Terry Goddard Interview -- 1964 Campaign

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TG = Terry Goddard

TG (T. Goddard): Uh, he ran again in -- he spent most of the time between '62 and '64 really getting to know the process. You know, coming to Maricopa County, spent a lot of time in Phoenix. Almost lived at the Westward Ho. Uh, he got much better acquainted with the people, with the process, the politics, uh. He'd chosen the roadrunner symbol and then got an artist from Tucson to do what they ended up with their, uh, their materials and, and, uh, the roadrunner in '632 looked, uh, looked a little like Carl Hayden. A lot, a lot of people said it was the most geriatric roadrunner they'd ever seen. So it didn't really make a good political symbol.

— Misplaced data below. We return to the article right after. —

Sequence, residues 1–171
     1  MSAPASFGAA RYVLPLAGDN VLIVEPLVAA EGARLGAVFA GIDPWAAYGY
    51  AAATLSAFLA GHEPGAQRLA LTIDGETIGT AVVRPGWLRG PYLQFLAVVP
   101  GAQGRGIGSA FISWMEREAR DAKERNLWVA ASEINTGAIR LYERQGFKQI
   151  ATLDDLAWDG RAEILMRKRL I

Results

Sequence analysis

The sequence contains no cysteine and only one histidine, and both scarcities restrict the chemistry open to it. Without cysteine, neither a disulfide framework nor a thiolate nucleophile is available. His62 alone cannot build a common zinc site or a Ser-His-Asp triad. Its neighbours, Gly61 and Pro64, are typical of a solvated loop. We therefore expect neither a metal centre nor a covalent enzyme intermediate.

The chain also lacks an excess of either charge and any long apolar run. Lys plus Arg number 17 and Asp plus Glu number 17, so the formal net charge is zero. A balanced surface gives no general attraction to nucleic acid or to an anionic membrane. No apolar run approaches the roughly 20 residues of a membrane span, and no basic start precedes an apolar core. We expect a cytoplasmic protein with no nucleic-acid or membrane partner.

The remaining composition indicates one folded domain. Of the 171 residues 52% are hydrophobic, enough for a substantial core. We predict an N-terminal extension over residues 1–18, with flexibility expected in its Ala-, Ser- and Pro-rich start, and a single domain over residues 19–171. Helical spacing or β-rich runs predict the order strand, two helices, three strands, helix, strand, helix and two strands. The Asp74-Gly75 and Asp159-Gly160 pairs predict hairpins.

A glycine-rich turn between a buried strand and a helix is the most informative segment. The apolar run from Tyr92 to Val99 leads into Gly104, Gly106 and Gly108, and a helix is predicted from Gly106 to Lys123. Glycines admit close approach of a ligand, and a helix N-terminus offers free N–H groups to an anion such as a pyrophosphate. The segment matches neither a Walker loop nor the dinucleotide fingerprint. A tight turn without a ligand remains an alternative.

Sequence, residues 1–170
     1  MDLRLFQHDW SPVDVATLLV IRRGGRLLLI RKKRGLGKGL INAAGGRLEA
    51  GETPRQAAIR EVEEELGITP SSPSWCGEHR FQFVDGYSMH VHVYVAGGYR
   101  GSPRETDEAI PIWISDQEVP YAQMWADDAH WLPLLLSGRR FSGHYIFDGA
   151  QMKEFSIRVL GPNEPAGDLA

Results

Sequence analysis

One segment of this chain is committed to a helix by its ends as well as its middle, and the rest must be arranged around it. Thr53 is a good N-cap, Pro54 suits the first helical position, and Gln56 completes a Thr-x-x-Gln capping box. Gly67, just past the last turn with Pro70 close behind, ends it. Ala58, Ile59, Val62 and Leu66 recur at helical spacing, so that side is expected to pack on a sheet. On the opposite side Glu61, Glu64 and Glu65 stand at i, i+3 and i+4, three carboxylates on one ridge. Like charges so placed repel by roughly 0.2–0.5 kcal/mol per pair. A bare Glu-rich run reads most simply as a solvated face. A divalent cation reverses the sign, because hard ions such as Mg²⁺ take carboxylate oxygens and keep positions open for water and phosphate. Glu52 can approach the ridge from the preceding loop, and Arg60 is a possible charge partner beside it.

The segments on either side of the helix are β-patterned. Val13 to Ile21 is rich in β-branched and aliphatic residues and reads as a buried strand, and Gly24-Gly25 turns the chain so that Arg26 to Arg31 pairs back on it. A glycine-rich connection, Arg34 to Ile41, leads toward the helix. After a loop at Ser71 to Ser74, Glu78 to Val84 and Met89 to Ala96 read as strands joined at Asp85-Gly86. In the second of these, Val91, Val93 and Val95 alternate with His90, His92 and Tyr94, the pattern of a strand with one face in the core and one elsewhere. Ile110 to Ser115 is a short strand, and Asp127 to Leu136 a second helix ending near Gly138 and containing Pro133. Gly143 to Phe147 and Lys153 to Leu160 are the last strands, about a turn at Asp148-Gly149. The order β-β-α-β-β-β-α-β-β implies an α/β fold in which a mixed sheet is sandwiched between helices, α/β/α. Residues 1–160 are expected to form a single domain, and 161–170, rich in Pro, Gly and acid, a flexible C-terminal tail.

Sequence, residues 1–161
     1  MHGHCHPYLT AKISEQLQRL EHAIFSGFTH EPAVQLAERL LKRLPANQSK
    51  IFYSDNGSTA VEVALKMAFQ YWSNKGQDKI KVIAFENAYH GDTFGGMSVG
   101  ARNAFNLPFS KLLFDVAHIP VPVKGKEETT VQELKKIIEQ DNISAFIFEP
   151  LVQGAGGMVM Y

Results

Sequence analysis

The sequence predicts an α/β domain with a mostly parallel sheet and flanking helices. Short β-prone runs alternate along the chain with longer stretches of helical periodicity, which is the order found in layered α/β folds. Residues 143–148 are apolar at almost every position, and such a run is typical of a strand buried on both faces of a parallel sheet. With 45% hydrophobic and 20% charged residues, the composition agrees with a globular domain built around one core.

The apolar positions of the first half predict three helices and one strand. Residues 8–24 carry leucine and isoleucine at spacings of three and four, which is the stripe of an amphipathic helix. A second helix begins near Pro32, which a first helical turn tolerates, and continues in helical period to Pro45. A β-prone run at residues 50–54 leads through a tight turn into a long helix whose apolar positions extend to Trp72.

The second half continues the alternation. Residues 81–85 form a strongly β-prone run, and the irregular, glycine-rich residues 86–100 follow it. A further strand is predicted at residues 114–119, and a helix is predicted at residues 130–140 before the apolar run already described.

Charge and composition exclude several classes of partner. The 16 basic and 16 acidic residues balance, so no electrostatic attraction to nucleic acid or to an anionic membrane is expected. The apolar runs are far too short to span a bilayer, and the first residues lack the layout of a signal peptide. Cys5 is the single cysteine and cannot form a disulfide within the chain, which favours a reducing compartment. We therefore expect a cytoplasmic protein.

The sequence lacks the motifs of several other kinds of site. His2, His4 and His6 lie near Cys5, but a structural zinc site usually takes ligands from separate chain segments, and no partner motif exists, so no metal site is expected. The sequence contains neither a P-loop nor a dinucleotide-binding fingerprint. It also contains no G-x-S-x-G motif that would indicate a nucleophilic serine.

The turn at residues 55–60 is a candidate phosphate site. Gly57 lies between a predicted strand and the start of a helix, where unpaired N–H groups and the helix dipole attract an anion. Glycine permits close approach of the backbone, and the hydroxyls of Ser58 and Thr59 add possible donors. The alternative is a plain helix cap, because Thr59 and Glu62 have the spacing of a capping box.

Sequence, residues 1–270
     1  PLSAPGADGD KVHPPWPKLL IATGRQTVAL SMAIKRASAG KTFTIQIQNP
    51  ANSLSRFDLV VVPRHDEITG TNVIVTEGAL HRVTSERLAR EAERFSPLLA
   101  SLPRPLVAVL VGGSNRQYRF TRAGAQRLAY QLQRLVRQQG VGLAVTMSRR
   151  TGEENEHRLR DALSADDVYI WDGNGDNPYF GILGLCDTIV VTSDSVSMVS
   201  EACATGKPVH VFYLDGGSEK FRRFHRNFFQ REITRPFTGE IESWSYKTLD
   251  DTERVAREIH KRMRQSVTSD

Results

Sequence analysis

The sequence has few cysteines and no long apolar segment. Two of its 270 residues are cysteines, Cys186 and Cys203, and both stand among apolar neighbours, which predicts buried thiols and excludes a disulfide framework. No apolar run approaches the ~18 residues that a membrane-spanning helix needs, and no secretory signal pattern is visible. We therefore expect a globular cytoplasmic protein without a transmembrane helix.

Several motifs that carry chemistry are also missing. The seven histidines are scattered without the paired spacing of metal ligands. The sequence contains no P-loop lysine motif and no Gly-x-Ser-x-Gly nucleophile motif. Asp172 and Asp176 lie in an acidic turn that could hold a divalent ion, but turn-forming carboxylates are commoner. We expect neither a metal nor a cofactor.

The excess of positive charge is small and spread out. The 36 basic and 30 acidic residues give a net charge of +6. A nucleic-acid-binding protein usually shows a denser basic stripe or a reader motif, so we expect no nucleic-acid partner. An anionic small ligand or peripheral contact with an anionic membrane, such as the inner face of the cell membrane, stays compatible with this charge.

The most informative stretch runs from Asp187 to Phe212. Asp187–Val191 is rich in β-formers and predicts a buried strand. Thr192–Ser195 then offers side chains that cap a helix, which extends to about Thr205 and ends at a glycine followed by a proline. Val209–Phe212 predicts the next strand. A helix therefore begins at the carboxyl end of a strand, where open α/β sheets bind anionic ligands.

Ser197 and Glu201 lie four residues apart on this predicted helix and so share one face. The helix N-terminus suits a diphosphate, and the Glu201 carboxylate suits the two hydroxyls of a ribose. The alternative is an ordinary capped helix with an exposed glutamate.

Uh, by '64 they'd gotten an artist to, to trim it down so it was very streamline, almost aerodynamic roadrunner, and, uh, worked much more effectively. And, and he frankly was fortunate in his choice of opponent. Uh, uh where now there was no incumbent governor, uh, Richard Kleindinst had many disabilities Dad did. Richard also, while he was an Arizona native, he grew up, in, in Winslow. Uh, he went off to Harvard; uh, he was a lawyer. Uh, he was pretty brash and arrogant. Uh, they, they had a lot of offsetting liabilities. And, uh, and Dick was frankly highly distracted. He was the campaign manager for Barry Goldwater and was working hard for the national campaign at the same time he was personally running for governor of Arizona. So I don't think he was able to put his effort, uh, into it.

Uh, and Dad was really the best -- at the top of his form. I mean he now knew the ropes; he was going around very effectively had put together a pretty good staff of people from the, the previous campaign. Uh, he hired a first rate, uh, uh campaign manager and, and, uh, and did well. And got elected.